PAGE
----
We Need More Jubilee

New Orleans      I heard about it in Sunday school or read it myself in the bible, I don’t really remember it.    When in South Africa in 2004 a decade after the end of apartheid in South Africa with a delegation from the Organizers’ Forum, I remember well our whole group of fifteen or more trooping into a small office to meet with a group called the Jubilee Debt Campaign.

The Jubilee Debt Campaign in South Africa was connected to campaigns in other countries and was centered in the United Kingdom.  The initial push had been for debt relief in 1990, but the drive had continued with the focus on debt owed to the World Bank and the International Monetary Fund that had often been initiated and then diverted by corrupt governments and authoritarian leaders but continued to be imposed on an emerging nation’s citizens, breeding inequality, and retarding development.  The debts were unjust so the demand was clear:  cancel them.  Wipe the slate clean!

Was this idea crazy?  Of course not.  The notion of jubilee came from the bible, which had great appeal and, regardless of whether or not it was divinely inspired, had deep historical roots.  Quoting from the campaign’s website, “There is historical evidence for debt jubilees – cancellations – in Babylon, dating back almost 4,000 years. Such cancellations happened in response to peasant uprisings. For peasants in the Middle East at the time, if they had a bad harvest, they would get into debt. Then in order to pay this debt they would be forced to sell their land. And finally, they would have to sell themselves and their family into slavery. Cancelling debt and freeing slaves was undoing this injustice.”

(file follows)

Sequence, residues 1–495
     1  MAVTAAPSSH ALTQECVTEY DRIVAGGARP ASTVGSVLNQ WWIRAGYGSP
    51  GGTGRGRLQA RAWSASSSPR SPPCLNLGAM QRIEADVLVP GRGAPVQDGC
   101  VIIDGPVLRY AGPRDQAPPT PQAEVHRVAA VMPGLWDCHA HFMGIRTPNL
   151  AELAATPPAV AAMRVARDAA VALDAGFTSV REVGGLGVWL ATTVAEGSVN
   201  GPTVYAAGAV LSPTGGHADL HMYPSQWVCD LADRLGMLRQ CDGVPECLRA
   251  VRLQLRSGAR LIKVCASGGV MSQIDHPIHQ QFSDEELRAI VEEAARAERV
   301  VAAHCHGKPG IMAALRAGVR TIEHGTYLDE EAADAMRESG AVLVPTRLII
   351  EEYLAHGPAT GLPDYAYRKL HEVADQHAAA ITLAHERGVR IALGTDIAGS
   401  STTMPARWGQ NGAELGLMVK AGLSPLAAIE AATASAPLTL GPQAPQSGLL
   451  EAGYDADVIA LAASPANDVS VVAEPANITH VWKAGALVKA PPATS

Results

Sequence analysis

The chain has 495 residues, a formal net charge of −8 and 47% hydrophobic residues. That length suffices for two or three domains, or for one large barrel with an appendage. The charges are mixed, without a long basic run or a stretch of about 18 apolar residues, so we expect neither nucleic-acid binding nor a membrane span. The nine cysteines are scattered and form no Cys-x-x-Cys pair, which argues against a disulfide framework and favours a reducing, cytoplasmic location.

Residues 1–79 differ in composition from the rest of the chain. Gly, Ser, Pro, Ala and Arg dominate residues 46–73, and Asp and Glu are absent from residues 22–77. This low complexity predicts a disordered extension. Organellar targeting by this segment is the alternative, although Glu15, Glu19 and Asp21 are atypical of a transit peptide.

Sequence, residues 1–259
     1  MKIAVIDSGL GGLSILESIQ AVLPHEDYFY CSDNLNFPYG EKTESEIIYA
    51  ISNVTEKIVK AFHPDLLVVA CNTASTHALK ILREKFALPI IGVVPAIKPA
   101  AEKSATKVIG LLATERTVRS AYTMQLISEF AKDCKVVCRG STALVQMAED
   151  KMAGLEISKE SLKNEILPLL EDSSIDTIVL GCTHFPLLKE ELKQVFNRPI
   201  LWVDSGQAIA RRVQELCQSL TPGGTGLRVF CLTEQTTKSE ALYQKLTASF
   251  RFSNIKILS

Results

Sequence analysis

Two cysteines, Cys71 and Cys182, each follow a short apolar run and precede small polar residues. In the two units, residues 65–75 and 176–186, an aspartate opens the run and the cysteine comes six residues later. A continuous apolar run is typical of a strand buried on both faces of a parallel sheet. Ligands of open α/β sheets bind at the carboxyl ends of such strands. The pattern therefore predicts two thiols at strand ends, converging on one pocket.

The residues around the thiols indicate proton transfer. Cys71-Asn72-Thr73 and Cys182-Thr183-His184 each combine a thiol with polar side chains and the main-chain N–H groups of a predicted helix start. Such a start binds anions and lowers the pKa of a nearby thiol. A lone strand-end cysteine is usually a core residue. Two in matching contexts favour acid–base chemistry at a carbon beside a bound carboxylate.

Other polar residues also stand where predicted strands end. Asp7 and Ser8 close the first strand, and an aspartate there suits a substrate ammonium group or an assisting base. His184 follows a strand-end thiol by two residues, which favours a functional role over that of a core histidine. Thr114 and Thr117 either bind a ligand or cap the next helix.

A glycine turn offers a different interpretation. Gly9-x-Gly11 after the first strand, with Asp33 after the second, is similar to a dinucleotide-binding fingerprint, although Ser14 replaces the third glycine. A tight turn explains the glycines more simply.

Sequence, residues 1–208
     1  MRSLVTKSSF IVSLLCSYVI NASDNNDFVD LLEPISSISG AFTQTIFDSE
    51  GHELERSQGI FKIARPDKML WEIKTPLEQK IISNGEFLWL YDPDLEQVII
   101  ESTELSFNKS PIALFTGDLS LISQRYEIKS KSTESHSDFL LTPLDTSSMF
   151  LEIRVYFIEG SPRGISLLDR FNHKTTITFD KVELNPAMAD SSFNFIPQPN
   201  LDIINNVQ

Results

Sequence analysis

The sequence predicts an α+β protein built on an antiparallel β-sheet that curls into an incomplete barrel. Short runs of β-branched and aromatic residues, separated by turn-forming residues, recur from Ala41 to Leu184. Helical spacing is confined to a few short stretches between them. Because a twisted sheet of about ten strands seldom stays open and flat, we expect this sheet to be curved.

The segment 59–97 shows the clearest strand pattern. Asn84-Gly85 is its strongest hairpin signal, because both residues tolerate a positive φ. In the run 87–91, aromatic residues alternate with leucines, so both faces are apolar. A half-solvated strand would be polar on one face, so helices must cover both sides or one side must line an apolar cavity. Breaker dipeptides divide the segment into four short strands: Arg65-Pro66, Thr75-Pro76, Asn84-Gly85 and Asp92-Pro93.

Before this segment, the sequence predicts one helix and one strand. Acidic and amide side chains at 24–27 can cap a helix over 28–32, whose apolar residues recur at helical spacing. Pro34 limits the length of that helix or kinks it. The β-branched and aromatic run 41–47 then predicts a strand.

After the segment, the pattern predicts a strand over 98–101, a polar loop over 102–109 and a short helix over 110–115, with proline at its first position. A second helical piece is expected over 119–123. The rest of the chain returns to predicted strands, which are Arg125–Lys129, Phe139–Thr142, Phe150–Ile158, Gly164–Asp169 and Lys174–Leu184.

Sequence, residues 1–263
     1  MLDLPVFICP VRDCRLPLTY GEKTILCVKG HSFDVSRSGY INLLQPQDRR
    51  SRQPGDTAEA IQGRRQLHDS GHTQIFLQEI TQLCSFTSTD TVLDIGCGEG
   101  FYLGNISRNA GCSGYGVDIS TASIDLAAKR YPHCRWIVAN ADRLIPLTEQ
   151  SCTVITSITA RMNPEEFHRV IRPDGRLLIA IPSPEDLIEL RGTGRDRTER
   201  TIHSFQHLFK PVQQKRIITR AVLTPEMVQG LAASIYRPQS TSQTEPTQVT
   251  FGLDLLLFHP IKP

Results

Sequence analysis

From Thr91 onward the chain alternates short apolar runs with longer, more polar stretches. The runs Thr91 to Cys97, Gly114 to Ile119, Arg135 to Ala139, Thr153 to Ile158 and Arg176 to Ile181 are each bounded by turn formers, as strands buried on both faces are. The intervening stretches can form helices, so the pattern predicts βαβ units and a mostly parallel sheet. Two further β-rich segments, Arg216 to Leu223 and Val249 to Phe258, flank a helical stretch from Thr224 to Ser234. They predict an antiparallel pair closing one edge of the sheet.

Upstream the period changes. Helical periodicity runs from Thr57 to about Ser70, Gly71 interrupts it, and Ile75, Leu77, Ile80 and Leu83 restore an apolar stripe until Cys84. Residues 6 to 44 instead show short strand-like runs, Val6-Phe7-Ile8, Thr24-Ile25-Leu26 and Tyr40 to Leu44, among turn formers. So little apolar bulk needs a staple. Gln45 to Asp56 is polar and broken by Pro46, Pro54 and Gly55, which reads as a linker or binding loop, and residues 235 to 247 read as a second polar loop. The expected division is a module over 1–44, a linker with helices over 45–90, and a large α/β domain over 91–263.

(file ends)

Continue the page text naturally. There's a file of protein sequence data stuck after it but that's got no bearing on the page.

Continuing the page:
In biblical times, the sabbath was Sunday, a day of rest, and the sabbatical was observed every seven years, a practice picked up by academia, as a more extensive period for rest and reflection.  The jubilee was seven sabbaticals or forty-nine years and observed on the fiftieth year most historians believe.  In Leviticus 25:10, “This fiftieth year is sacred—it is a time of freedom and of celebration when everyone will receive back their original property, and slaves will return home to their families.”  Paraphrased by Wikipedia, “According to Leviticus, slaves and prisoners would be freed, debts would be forgiven, and the mercies of God would be particularly manifest.”  Jubilee creates a better deal from a hard hand dealt years before.

We need more jubilee when it’s possible.  The consequences of mass foreclosures and the banks’ unwillingness to modify or forgive loans in their own self-interest and therefore denying property to the owners was a clear case where a jubilee was clearly required.  Student loans are driving the future of younger people and the government is tightening the grip, rather than bringing a little jubilee to the table which the situation demands.  I was reminded that in the deep south there was a story of jubilee somewhere when fish jumped up to the bank, and everyone harvested, or a truck full of goods was abandoned on the interstate, and of course when all slaves were set free.

Ok, maybe I’m dreaming, but we need a lot more of this in our lives, businesses, and governments.